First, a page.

RU co-founder and multi-published author ADRIENNE GIORDANO tackles a subject sure to make pantsers break into a cold sweat – plot structure for a shorter length novel.
While attending a luncheon last year I had the good fortune to meet a Harlequin Intrigue editor. During lunch, we chatted about my writing and she asked me if I’d ever considered writing an Intrigue. I admitted that I hadn’t because, well, the shorter length (55-60,000 words) scared the daylights out of me. At the time, it took a small miracle for me to bring in a first draft under 90,000 words.
After the luncheon, I was curious if I could handle writing a shorter book and decided to try it.
I began plotting a 55-60,000 word book and kept my fingers crossed that the word hog in me wouldn’t take over. While brainstorming ideas, I realized my obsession with plot structure could help me. While plotting, I like to follow the three-act structure used by screenwriters.
Three-act structure contains three different sections of a story linked by milestones. Act one contains the set-up (character introductions, conflict, etc.) information. At around the twenty-five percent mark of the story there will be a turning point (also known as a plot point) that will spin your story in a new direction. This turning point catapults your story into act two.
In the middle of act two there will be another turning point. This is the mid-point of the story where your character is completely entrenched in his journey and can’t turn back. At about the seventy-five percent mark another turning point will send the story into act three. This turning point will be a major set-back known as the black moment. Here your characters will think all is lost and they will have to fight their way back so they can destroy the antagonist. Click here to see a chart of what three-act structure looks like.
I’m about to make the pantsers out there cringe, but stay with me pantsers! I’m a plotter so I usually know when I start writing what event will represent my first plot point. I also know that my first plot point needs to happen somewhere between the 22,000 and 25,000 word mark (I divide single-title length of approximately 90,000- 100,000 words by four and it gives me my 25% mark). I then keep track of exactly where I am with my word count as I’m writing. If I hit 25,000 words and my first plot point isn’t close to happening, I know the word hog has taken over and my pacing is probably dragging. I then go back and see where I can trim.
My Intrigue was a tricky devil due to its shorter length. With single-titles, I’m used to my first plot point happening somewhere around 22,000 words. With Intrigues my first plot point needs to be around the 14,000 word mark. That’s a big change!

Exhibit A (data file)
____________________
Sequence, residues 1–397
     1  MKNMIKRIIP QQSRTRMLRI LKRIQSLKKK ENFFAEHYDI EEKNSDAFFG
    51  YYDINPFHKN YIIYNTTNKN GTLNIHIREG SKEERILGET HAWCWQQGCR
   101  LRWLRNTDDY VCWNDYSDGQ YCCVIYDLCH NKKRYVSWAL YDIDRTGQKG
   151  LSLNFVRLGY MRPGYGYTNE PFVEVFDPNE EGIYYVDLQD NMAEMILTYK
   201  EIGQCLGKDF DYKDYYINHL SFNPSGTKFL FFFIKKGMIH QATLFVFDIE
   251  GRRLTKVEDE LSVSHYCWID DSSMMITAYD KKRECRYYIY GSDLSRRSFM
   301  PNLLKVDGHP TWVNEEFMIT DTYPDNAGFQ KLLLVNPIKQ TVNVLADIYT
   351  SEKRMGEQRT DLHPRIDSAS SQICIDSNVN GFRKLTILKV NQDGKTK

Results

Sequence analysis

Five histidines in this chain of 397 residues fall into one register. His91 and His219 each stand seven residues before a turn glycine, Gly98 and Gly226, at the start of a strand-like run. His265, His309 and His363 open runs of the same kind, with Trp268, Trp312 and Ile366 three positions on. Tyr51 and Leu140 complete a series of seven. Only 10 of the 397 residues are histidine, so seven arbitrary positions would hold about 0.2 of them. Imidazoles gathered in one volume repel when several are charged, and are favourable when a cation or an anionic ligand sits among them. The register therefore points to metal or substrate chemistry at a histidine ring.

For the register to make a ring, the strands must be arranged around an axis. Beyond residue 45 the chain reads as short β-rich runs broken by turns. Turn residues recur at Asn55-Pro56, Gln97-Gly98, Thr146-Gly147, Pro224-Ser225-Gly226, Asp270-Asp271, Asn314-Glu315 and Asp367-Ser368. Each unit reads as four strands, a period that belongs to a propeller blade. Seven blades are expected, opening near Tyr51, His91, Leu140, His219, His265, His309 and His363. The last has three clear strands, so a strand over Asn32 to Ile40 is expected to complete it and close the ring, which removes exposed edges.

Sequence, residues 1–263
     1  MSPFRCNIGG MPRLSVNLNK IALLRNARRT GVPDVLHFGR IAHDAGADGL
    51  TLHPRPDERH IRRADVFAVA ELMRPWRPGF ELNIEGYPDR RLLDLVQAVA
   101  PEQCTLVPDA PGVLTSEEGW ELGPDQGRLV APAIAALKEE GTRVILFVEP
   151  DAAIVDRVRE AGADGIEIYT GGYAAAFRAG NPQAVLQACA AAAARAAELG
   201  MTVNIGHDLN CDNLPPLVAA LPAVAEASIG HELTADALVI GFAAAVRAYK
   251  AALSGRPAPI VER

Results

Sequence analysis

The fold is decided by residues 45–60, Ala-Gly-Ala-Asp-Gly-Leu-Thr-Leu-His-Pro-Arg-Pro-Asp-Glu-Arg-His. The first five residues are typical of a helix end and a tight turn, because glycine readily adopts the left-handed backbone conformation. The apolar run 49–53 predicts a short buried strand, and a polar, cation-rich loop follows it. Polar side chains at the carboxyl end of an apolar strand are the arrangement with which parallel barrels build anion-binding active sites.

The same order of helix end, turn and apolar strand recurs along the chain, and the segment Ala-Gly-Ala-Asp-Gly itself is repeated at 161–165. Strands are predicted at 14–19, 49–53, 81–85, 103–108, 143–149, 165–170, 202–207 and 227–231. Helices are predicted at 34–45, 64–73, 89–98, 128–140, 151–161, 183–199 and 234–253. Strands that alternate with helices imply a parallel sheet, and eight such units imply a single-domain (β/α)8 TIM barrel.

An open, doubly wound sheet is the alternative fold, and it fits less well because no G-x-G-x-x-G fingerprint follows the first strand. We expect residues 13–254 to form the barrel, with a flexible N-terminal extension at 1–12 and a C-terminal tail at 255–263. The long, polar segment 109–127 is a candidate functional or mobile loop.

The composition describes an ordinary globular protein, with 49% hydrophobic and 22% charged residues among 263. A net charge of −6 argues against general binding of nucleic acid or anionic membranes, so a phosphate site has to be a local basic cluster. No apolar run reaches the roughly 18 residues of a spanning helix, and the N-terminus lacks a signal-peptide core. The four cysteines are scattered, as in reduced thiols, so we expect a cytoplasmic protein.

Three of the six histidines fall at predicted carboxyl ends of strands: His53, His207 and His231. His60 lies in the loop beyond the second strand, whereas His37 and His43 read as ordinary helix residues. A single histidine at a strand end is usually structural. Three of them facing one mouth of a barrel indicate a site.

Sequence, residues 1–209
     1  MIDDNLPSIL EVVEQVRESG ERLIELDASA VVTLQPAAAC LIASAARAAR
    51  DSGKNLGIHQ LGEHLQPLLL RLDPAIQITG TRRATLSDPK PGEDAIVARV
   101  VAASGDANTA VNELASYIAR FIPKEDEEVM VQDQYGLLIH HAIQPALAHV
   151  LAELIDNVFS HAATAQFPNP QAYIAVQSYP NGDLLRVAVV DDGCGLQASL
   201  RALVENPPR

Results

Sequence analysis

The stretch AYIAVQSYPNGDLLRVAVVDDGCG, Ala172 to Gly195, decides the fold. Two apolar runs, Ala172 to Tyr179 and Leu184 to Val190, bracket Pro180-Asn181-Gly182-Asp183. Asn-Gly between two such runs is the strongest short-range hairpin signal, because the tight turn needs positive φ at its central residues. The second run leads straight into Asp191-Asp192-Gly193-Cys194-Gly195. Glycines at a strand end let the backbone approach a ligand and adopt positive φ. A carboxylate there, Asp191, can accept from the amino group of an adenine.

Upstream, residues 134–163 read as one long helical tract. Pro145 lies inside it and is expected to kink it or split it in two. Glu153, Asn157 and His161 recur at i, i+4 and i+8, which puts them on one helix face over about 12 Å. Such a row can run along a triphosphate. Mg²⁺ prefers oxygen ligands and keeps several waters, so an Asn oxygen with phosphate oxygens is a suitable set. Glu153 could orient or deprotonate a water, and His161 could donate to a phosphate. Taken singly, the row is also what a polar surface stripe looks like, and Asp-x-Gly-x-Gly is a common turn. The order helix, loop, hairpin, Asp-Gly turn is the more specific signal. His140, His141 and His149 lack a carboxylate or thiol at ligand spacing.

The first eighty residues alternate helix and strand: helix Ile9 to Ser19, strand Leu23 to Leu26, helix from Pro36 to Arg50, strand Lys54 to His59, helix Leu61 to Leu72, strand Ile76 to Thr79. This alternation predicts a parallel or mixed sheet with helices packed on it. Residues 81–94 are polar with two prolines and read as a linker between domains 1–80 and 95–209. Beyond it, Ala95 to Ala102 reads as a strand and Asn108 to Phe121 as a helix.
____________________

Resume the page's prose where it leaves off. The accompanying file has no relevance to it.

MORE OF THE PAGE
The Intrigues also require me to have minimal secondary characters. If you’ve read my single-titles, you know I love a lot of secondary characters. My next step in writing my Intrigue was to kill any unnecessary secondary characters. Make no mistake, it was difficult, but I forced myself to stay focused on the hero and heroine.
Sub-plots were the next thing to get booted. Zac’s pain-in-the-neck sister needed a love life? Forget it. She could be the heroine in another book. I didn’t have room to explore her needs in Zac’s book.
If I’m making this sound easy, it wasn’t. My inclination was to explore, explore, explore, but writing a category book taught me how to control my plot with surgical precision.
Using three-act structure, I was able to focus on the following two things:
1.) Make Zac and Emma fall in love
2.) Solve the crime.
Before starting each scene I would analyze whether or not the scene I intended to write performed the above tasks. If I had any doubt, I reworked the scene.
I also became even more obsessed with my word count. My plotting partners will find that hard to believe but it’s true. As I hit each plot point in the story, I determined how many scenes I needed to write until I hit my next plot point and calculated my word count accordingly. If my first plot point happened at the 14,000 word mark, it meant my mid-point should happen right around 28,000 words.
I completed the book using this system, and I’m proud to say the first draft of The Prosecutor, a book that had a 55,000-60,000 word count limit, came in at just over 58,000 words.
So, yes, it was worth it.
RU Crew, have you ever tried a plotting method similar to this?
On Wednesday AND Thursday, author Jade Lee brings us a 2-part feature on imagery and characterization.
USA Today bestselling author Adrienne Giordano writes romantic suspense and mystery. She is a Jersey girl at heart, but now lives in the Midwest with her workaholic husband, sports obsessed son and Buddy the Wheaten Terrorist (Terrier). She is a co-founder of Romance University blog and Lady Jane’s Salon-Naperville, a reading series dedicated to romantic fiction. For more information on Adrienne’s books, please visit www.AdrienneGiordano.com. Adrienne can also be found on Facebook at http://www.facebook.com/AdrienneGiordanoAuthor and Twitter at http://twitter.com/AdriennGiordano. For information on Adrienne’s street team, Dangerous Darlings, go to http://www.facebook.com/groups/dangerousdarlings.
- A Case For Story Structure by Adrienne Giordano
- Troubleshooting Your Plot Holes
- Pinch Points and Turning Points, Oh My!
- Burning Up the Pages…and the Sheets – An easy guide to combining short story structure with super-hot sex by Rie Warren
- Do All Roads Lead to Plot Mapping?